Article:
BY ROBERT CATTO
In my family, we play cards.
Not full time, obviously. But, when we get together at my parents' place on Georgian Bay - a remote island cabin from the 1940s, with limited solar power & no TV or internet connection to speak of - that's when the games begin.
My parents have had an ongoing cribbage rivalry for as long as I can remember; they stay at the cottage for up to four months a year, and spend many of those evenings locked in crib battles.
Mum is generally thought to be better at it - Dad talks somewhat ruefully about the times she 'let him win one' - but on a good day, when I'm on a roll, I can pinch a game once in a while. (One famous summer I won a number in a row, and chalked the score on the shoreline as I was leaving! Visitors 6, Home 4.)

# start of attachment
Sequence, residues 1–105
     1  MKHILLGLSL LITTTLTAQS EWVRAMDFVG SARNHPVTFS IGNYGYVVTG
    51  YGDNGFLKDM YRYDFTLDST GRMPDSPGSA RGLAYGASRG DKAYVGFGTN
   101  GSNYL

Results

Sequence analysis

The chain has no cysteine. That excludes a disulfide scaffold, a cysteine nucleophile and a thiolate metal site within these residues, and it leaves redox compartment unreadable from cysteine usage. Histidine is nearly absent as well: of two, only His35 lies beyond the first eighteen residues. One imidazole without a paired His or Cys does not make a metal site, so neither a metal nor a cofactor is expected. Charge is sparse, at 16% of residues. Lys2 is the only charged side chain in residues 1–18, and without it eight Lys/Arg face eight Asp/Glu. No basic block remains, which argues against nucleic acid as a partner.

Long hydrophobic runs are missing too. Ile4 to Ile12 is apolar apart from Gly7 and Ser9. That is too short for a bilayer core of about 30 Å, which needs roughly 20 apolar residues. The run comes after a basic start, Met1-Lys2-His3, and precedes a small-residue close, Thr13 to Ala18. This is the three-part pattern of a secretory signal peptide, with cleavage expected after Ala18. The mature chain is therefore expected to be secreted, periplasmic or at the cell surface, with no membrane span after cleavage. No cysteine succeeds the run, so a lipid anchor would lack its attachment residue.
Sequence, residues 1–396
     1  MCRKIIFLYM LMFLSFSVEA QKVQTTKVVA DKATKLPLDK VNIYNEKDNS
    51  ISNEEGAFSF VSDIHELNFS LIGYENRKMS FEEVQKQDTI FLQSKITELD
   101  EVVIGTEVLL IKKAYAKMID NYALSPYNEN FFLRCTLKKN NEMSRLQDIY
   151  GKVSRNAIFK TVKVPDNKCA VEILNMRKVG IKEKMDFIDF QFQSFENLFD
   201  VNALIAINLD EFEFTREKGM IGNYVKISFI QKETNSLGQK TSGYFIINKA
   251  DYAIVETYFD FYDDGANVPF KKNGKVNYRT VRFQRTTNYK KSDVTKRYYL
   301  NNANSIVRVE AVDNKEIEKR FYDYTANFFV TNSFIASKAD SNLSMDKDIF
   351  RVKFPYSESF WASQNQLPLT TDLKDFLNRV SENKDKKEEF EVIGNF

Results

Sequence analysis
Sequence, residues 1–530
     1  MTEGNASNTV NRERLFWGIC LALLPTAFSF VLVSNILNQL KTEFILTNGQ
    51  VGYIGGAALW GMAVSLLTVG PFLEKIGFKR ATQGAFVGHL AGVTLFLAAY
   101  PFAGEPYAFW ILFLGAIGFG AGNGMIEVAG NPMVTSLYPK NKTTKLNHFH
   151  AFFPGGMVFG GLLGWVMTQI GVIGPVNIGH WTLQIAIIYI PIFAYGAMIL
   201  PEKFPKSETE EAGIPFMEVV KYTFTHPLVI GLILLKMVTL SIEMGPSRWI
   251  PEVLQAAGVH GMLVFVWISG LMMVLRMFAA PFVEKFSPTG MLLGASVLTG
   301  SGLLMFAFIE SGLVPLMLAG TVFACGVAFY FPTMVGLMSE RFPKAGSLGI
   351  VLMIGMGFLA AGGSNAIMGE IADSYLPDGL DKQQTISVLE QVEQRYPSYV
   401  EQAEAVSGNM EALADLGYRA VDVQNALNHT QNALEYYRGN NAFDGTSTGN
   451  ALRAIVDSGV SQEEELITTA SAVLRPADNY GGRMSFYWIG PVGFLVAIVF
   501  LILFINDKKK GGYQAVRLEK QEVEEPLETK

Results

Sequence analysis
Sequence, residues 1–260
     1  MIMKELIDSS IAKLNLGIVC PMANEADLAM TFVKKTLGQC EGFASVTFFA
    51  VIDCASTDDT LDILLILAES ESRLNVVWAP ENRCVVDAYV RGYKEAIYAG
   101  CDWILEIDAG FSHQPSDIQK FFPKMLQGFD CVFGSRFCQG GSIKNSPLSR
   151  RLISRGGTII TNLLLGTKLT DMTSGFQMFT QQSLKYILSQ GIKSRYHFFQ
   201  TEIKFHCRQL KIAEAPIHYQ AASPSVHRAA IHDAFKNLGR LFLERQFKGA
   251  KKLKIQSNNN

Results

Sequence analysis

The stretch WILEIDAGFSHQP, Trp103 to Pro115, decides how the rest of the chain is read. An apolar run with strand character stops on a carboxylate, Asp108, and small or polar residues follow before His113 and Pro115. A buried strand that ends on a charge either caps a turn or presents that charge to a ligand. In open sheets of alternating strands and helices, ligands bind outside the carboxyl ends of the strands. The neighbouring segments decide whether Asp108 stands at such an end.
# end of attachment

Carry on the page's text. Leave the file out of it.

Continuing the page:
With myself and my sisters somewhat scattered these days, between Toronto, Sydney, and Saskatoon, the games are less frequent; and now, the next generation have come along, and are starting to mount their own challenge to the hosts. Sometimes, they get help from their mum, and that's allowed; but make no mistake about it.
They're here to win...
And they're pretty good these days, as it turns out! For the four-handed version, you cut for partners before each game; so this time they were each playing with one of their grandparents (rather than against both of them).
But it's only a matter of time before they play alongside each other, pitted against the generations with more experience - and, just maybe, conquer the island.
p.s. yes, Mum won again.